We have just returned from a fab road trip with kids around Northern Spain. Our adventure, like most travel, has taught us all so many things, so I wanted to share them and give the kids a chance to look back at this post and remember our amazing family time together.
Planning (or not)
We researched our trip together a little in advance. We bought a map and some language stickers and all talked about the things we wanted to do on our adventure. We made lists and planned activities to take with us. We packed lots of activities and books we’ve never found time to enjoy together, some games, plus some basic craft bits like drawing, glue and Sellotape.
Confidence and problem solving
Although we had a rough plan before we left home we soon started to ignore it. The beauty of being under your own steam and wild camping in a home on wheels. The kids were immediately at ease on the trip and their confidence grew daily. Only 5 and 9 both girls behaved quite differently on the road. Often dealing with unusual of difficult situations outside of their comfort zones they showed new maturity.
They seemed empowered to get involved with lots more problem solving and were happy to take turns in decision-making on many levels from what to eat, or simply, which direction to take.
We were all challenged with the language barrier. I don’t think any of us quite expected such little understanding of English in some of the rural places we visited. The kids embraced this while I was still struggling to ask for simple things like ‘where is the toilet’!
Everyday our kids were learning solid new skills. We had packed regular school activities like spelling and reading with us yes, but the adventure taught them so much more. They gained huge amounts of patience and shared the little we had with us brilliantly.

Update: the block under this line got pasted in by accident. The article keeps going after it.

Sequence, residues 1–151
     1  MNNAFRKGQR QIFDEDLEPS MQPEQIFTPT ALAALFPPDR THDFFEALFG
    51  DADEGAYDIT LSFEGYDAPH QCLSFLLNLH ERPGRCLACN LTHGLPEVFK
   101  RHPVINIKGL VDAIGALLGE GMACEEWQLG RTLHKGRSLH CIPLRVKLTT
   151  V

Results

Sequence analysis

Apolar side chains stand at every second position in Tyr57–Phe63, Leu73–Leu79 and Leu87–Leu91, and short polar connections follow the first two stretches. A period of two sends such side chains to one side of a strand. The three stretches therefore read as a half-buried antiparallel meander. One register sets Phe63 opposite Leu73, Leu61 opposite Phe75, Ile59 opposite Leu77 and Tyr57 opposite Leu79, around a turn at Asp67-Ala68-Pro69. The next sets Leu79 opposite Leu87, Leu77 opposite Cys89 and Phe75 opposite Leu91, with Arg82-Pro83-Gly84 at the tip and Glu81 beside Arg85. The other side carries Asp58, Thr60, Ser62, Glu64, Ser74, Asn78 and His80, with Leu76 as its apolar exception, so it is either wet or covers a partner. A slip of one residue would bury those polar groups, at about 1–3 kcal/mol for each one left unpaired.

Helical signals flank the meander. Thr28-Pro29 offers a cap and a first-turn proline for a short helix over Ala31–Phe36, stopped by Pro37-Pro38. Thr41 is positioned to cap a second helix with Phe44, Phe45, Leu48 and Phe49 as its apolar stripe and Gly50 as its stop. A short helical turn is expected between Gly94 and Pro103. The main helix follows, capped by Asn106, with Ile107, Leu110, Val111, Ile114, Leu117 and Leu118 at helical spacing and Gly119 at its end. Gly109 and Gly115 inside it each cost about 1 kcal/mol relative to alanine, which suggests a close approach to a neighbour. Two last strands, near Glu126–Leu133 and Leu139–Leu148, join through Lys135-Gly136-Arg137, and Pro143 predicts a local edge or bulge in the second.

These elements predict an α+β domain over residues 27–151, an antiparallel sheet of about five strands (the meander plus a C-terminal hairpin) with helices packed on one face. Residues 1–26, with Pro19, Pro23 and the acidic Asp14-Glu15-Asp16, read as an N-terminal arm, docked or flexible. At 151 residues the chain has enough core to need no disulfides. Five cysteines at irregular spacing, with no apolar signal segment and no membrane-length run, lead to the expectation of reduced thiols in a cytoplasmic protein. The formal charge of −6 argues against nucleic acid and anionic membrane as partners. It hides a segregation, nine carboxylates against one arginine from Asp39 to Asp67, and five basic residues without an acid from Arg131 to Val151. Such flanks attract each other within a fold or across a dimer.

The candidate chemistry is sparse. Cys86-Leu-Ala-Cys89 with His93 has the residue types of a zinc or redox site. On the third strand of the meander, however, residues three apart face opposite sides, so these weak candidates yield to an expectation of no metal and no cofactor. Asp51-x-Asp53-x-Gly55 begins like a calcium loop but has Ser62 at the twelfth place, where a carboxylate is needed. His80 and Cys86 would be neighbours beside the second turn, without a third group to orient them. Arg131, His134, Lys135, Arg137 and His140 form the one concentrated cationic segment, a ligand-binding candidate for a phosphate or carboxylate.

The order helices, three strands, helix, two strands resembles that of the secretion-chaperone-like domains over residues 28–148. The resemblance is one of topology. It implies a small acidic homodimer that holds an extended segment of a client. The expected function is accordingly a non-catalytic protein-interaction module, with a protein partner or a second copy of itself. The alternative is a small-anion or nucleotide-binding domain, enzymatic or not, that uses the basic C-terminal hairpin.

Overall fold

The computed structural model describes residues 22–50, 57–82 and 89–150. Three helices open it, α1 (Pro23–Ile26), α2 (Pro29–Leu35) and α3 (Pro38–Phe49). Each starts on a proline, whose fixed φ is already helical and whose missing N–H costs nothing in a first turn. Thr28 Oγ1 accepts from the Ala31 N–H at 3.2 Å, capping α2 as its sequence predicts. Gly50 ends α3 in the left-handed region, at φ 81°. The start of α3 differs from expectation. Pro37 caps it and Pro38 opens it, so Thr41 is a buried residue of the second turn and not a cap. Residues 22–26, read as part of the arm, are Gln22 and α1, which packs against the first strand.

Daily swimming in the sea, rock climbing, map reading and appreciating nature were just a few of the other things they practiced. We found time to learn some new card games and even tried something new for the whole family with horse riding.
Spending time out of our regular routine showed the kids that life doesn’t have to be quite so manic as the city culture we’re used to.
It took my eldest a good week to stop asking when we would find some shops for her to look round, but by the end of the trip she’d forgotten about spending money and was making her own entertainment with simple things we found or had in the van.
The culture in Spain isn’t hugely different to our own but the pace of life certainly is. The kids slowed down and spent time appreciating the places we visited more.
They watched a guy play an unusual instrument for over 10 minutes outside an old church and actually stopped to really listen.
They took time to study the rock patterns in the caves we explored and spent hours staring out to sea on our ferry home searching for whales. They watched 2 beautiful blue dragonflies dance in a stream for much longer that they ever would at home. They appreciated what was around them, they slowed down and were far more mindful than we’d ever seen them before.
Probably the greatest gift of our campervan adventure with the kids, and any all of the holidays we have enjoyed together is enjoying our time together with no distractions.
Travel IS Education – there’s no doubt about it. Kids are young for such a short time. They are incredibly adaptable to situations, and they learn so much more by actually doing. I have no hesitation about travelling with kids while they are little. Unfortunately, government legislation means many parents are put off travelling with their kids due to heavy fines during term times. Massively inflated prices for travel during school holidays makes it almost impossible for some.
So, would I take my kids out of school to travel? Absolutely. Life is for living. They are healthier and happier, wiser and more wonderful for their adventures. I am not an idiot and I will make damn sure both kids keep up with school work and the national curriculum, but I will not forfeit the education and importance of family time that travel brings.
This post is written in collaboration with the ‘Travel is Education’ campaign, which aims to highlight how travel can enrich our children beyond the classroom.
Read more in term time holidays – what’s a mum to do?
We really believe travel is education.